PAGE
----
Electronic Trading Grows In European Repo Market
The European Repo and Collateral Council (ERCC) of the International Capital Market Association (ICMA) has released the results of its 36th semi-annual survey of the European repo market.
The @icmagroup European Repo and Collateral Council published the results of its 36th semi-annual survey of the European repo market. The conclusions largely reinforce the positive results seen in the earlier survey conducted in June 2018. Read more here https://t.co/moFQSu7drx pic.twitter.com/xzvsnnIEWf
— ICMA (@ICMAgroup) April 4, 2019
The survey, which calculates the amount of repo business outstanding on 5 December 2018, from the returns of 58 offices of 54 financial groups, sets the baseline figure for European market size at EUR 7,739 billion up from EUR 7,351 billion in the June 2018 survey. Year on year this represents an increase of 6.3% year-on-year since the December 2017 survey.
Godfried De Vidts, Senior Advisor to ICMA’s ERCC, said: “Modest growth in repo outstandings since the last survey show that the secured markets continue to play a pivotal role in servicing the financial markets. Various regulatory and prudential initiatives designed to improve financial stability continue to increase the need for further use of collateral. Political events will cause further shifts in euro repo trading locations when the June 2019 survey takes place. The ICMA ERCC repo survey remains the unique resource for buy & sell side participants and regulators alike to understand the impact of changes on market behaviour during the implementation of the Securities Financing Transactions Regulation.”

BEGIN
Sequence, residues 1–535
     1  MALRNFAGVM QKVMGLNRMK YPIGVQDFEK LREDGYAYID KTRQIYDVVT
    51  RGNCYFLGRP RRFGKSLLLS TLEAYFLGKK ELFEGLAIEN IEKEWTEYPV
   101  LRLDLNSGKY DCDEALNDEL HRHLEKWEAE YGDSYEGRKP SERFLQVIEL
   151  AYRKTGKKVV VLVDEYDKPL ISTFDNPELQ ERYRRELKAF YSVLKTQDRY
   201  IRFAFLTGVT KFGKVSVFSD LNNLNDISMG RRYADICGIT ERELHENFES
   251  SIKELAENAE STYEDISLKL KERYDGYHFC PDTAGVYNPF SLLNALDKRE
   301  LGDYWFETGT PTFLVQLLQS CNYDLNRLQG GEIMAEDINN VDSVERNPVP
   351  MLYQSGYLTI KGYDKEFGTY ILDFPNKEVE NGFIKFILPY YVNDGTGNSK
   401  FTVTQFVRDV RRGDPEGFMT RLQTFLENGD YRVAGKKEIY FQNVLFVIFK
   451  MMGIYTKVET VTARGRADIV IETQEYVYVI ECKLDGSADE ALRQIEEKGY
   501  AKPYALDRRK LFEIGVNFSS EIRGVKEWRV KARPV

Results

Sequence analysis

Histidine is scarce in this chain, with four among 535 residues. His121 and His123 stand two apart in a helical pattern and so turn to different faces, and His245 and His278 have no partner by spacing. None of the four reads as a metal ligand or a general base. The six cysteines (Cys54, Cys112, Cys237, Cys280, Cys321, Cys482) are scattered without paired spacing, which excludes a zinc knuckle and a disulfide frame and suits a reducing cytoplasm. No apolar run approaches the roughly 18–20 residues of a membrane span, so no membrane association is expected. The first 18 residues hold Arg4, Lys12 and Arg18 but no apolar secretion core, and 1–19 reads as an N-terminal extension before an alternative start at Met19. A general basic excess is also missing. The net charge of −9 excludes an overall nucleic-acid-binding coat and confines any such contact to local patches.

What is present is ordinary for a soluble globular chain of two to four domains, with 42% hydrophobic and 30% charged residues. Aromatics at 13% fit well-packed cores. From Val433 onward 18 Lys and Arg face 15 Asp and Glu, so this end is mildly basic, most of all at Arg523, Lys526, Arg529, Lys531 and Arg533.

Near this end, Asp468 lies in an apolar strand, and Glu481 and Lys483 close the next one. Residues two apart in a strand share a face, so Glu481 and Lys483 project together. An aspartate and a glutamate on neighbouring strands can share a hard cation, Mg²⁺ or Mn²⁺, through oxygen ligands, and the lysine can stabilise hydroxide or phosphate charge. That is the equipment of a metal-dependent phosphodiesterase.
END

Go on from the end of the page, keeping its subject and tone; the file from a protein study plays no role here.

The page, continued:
The results of the second survey of 2018 largely reinforce the trends seen in the first half of the year:
• strong overall growth of the European market;
• an increasing market share within the survey for electronic trading survey at the expense of direct and voice-brokered business;
• increasing domestic business, although the reasons for this are unclear;
• no evidence of a recovery in tri-party repo, possibly due to the plentiful liquidity still being provided by central banks; and
• the continued expansion of forward repo.
Once again, the survey paints a picture of a market that has adapted to recent regulation and is benefitting from new regulatory-driven collateral demand. Post-crisis regulation has pushed markets toward centralised clearing, with the associated higher margin commitments and more frequent margin calls creating huge collateral demands. The repo market is the mechanism by which this margin collateral, mostly in the form of cash and government bonds, is moved around the system to where it is needed. This has been accompanied by a relaxation of the priority given to customer business when regulation constrained balance sheets and a consequent shift back into interdealer electronic trading.
The survey also shows increased concentration of the market which could indicate that the largest banks are driving the growth in repo, perhaps because they have been able to adapt most efficiently to regulatory demands.
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